To mark International Women’s Day, I have been chatting to female colleagues about working at the Intellectual Property Office (IPO) and their respective roles. This week I spoke to Toni Williams who is a Trade Mark Examiner.
How long have you worked at the IPO?
I’ve worked for the IPO in Newport, South Wales since 1989 (nearly 30 years!) with two secondments at the EUIPO in Spain during this time. I joined the Civil Service in 1975, working for the Business Statistics Office, now known as the Office for National Statistics. From 1982 until 1989, I worked for the Patent Office in Kent and then in Westminster for the Department of Trade and Industry. I then joined the IPO and have been there ever since.
What does your role involve?
My role involves the day-to-day examination of trade mark applications under Section 3 of the 1994 Trade Mark Act. This can involve classification (how the different goods and services are grouped together), searching for earlier similar trade marks, deciding if the mark is distinctive and corresponding with applicants and attorneys. I am also part of the Continuous Improvement (CI) Network, which looks to continually improve the way in which we work. I had previously been part of the Quality Management Team at the EUIPO and had helped train staff on the importance of CI.
How did you get into examining?
In the early 90’s, I had been working in the IT department and decided to take a career break after having my daughter. Whilst on the career break, I had to come into the office for training. A colleague (who was working as an examiner) told me that an EU office was opening in Spain and they would soon need examiners. It had been a lifelong ambition of mine to live and work in Spain, so I requested to return to the office as an examiner and eventually applied for a secondment. The rest is history.
What’s the most interesting part of your role?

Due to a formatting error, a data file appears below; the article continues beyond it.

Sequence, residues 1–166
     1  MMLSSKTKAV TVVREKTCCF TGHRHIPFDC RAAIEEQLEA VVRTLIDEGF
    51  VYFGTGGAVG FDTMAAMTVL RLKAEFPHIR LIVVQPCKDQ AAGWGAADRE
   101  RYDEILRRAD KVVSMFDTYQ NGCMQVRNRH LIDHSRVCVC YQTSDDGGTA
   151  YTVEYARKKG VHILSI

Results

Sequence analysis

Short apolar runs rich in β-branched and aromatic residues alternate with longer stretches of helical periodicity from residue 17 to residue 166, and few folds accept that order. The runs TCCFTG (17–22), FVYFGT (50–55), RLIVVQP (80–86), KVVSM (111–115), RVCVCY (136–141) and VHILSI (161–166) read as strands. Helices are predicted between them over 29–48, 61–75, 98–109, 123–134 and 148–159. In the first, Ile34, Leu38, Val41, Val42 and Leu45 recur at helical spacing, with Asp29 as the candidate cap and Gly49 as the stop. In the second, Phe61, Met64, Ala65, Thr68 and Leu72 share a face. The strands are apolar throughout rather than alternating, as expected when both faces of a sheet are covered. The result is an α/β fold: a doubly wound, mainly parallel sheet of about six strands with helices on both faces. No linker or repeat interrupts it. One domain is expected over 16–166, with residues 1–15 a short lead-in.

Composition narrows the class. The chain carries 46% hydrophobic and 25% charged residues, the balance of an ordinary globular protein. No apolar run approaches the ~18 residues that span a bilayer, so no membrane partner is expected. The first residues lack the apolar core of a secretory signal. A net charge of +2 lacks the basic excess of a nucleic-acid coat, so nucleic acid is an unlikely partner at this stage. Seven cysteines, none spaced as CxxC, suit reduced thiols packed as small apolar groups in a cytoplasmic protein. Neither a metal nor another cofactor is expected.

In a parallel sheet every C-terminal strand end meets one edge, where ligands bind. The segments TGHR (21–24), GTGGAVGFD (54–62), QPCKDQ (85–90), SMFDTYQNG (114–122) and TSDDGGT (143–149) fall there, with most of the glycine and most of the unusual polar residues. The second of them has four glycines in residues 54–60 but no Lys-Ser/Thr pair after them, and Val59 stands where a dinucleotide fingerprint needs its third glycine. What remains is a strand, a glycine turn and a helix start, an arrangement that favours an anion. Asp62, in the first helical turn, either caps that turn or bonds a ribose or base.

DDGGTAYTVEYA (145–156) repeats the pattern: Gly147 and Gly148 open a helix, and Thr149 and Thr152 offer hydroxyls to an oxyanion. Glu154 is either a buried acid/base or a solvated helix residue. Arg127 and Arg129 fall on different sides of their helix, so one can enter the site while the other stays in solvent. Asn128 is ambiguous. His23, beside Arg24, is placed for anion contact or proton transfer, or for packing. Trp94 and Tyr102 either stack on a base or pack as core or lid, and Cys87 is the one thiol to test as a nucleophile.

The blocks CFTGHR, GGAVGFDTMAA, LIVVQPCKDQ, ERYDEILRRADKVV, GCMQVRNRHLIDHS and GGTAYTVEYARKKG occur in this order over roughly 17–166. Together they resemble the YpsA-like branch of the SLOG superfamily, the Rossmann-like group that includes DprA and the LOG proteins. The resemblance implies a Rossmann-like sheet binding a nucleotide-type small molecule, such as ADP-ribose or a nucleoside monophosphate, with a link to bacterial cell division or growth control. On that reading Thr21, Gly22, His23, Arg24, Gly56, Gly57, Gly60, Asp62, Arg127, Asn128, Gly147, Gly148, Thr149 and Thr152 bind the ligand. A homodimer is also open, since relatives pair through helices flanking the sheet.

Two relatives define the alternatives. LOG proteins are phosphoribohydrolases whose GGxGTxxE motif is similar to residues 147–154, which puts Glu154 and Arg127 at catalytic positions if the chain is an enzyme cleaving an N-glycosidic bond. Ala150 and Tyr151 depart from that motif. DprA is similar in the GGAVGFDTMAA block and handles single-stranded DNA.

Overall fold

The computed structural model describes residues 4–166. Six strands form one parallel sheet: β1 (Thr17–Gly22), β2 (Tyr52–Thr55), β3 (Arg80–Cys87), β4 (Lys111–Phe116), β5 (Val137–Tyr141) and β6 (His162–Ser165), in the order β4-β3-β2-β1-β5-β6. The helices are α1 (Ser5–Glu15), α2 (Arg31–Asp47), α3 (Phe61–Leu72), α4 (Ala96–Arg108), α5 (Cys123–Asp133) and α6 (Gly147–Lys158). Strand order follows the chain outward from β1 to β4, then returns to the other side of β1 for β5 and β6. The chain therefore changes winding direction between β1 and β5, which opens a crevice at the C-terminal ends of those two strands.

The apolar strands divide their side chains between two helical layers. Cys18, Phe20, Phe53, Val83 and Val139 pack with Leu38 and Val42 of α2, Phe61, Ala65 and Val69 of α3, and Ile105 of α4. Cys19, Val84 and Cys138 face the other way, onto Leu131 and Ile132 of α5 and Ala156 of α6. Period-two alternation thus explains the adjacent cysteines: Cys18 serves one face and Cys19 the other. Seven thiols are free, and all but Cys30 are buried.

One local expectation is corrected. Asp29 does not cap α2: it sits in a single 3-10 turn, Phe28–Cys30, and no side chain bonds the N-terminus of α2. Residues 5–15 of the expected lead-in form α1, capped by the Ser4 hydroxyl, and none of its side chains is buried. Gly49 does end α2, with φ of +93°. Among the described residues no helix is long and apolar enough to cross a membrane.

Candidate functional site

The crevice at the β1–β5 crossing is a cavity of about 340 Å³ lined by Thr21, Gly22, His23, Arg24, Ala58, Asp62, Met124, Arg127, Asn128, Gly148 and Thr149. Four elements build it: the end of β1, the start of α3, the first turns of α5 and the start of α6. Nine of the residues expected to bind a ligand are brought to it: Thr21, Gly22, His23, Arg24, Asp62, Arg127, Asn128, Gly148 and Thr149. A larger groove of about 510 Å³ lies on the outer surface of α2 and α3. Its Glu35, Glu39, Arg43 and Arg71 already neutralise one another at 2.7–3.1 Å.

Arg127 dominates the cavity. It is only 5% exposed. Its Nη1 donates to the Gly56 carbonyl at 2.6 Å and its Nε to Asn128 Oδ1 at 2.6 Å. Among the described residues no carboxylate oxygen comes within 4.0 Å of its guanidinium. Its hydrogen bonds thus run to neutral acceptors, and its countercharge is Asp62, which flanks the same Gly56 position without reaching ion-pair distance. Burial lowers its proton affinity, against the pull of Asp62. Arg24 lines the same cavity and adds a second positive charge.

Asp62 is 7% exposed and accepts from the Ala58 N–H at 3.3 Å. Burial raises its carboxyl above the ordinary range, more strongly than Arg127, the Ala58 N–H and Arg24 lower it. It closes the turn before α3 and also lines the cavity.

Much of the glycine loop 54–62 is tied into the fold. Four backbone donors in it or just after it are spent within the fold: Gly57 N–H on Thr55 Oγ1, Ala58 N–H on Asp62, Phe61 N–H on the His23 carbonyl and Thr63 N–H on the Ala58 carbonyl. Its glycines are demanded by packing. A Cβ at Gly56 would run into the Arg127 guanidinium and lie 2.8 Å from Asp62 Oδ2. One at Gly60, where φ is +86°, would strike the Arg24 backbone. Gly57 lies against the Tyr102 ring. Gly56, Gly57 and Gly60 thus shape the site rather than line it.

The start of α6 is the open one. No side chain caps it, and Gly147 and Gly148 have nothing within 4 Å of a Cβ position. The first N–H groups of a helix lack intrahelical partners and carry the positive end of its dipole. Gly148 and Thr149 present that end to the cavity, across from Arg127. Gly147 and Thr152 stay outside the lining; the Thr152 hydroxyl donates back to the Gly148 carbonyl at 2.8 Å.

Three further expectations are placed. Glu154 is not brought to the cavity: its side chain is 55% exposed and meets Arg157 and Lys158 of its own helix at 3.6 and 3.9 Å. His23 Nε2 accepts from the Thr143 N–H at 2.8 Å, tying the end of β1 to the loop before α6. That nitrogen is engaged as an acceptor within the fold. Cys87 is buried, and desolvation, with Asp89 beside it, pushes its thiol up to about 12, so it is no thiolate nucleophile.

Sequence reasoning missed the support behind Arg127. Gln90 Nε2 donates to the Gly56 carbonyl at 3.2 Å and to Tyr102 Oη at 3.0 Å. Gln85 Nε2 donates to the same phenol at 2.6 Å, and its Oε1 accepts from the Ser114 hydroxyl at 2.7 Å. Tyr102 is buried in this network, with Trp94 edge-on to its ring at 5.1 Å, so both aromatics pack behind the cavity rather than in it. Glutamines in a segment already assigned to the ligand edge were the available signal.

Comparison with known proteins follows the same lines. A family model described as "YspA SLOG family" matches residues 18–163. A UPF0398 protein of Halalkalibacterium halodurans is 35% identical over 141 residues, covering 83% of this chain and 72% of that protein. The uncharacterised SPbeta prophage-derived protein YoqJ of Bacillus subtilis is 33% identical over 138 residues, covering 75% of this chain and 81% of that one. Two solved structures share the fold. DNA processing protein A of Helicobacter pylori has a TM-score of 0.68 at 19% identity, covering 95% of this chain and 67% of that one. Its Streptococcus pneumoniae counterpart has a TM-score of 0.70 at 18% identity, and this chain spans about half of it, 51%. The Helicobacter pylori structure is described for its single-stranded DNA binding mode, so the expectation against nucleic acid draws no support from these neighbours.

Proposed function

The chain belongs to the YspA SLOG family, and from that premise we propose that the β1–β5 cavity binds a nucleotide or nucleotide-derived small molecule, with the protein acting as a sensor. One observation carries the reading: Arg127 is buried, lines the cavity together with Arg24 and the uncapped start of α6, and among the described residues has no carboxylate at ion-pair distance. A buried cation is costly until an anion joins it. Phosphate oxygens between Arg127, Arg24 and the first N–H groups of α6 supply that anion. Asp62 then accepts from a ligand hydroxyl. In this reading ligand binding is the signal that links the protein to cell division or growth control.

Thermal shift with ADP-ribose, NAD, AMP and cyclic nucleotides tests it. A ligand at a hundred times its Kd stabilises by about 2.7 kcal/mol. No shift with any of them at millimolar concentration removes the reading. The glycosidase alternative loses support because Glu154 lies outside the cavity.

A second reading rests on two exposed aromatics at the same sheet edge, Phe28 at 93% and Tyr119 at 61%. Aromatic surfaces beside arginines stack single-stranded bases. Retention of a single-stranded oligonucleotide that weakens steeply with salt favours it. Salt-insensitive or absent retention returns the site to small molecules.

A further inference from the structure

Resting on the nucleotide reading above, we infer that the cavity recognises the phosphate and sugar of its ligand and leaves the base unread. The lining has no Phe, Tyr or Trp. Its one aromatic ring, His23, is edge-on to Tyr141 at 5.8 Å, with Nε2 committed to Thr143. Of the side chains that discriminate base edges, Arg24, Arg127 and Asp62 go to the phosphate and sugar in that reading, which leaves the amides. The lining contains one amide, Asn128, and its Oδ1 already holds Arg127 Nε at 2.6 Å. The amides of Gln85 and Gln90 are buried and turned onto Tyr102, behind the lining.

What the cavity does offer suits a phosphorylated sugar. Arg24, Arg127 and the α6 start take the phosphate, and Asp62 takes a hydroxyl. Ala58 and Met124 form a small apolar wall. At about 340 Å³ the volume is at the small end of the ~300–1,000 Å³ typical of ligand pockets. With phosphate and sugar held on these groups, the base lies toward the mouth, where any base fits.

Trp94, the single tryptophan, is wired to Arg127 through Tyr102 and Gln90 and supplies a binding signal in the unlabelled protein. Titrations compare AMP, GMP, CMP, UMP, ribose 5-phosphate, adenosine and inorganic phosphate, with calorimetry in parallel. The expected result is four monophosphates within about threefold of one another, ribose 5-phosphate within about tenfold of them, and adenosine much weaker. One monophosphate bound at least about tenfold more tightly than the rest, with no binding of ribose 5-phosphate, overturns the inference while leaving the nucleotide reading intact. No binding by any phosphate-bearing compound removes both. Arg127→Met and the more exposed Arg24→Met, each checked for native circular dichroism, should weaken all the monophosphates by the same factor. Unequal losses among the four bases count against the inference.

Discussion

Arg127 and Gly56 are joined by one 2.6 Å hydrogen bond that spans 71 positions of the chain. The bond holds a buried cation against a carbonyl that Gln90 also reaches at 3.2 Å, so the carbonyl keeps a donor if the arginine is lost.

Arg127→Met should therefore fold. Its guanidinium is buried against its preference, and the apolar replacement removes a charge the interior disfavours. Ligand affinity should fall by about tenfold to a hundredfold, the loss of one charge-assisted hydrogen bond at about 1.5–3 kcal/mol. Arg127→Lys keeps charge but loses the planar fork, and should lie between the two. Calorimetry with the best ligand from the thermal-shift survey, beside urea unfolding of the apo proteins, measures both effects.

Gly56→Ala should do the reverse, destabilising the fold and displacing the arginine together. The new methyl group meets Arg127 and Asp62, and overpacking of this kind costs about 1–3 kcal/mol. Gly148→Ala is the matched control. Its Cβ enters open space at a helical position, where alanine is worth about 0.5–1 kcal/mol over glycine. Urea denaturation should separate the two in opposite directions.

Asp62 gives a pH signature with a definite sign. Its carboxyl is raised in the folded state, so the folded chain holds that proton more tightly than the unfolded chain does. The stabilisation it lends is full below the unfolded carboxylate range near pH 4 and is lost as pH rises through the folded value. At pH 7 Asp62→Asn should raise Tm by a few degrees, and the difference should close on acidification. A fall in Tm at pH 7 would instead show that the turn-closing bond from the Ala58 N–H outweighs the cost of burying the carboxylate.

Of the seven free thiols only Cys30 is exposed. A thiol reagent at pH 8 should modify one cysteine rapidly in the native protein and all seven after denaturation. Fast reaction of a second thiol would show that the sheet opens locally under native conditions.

I believe that customer care is paramount, so for me it’s helping our customers when they phone about their trade mark applications. It gives me a sense of achievement if I can find a way to help them overcome any objections to their application or deal with their classification queries. If objections cannot be overcome, I try my best to explain the reasons why. The process can be difficult to grasp so I find it rewarding when the applicants are able to understand.
What did you want to be when you grew up?
Believe it or not, I wanted to be a singer-songwriter and have my own band! I partly achieved it. I sang with a few bands over the years and I also sang with a chap called Nigel Rees who is sadly no-longer with us. Nigel worked for the Statistics Office in the early days and we did many gigs together. The last band I sang with was Big Mac’s Wholly Soul Band in the late 90’s.
What advice would you give to those considering trade mark examination as a career?
You need to be interested in the law, research and customer care. You also need to be comfortable using different computer applications in order to do your work. You may be working for long periods of time at a PC so if you prefer a more physically demanding role, then it may not be for you. However, it can be a very interesting and rewarding job and the IPO supplies and facilitates all of the training you need. You cannot train as a Trade Mark Examiner anywhere else in the UK.
It was great to talk to Toni about her role and how she got into examining. Toni’s case study will be included in our internal showcase of inspirational women at the IPO and beyond, to celebrate International Women’s Day and the #BalanceforBetter theme. Keep an eye out for more interviews with examiners from Designs and Patents over the coming weeks.
To keep in touch, sign up to email updates from this blog, or follow us on Twitter.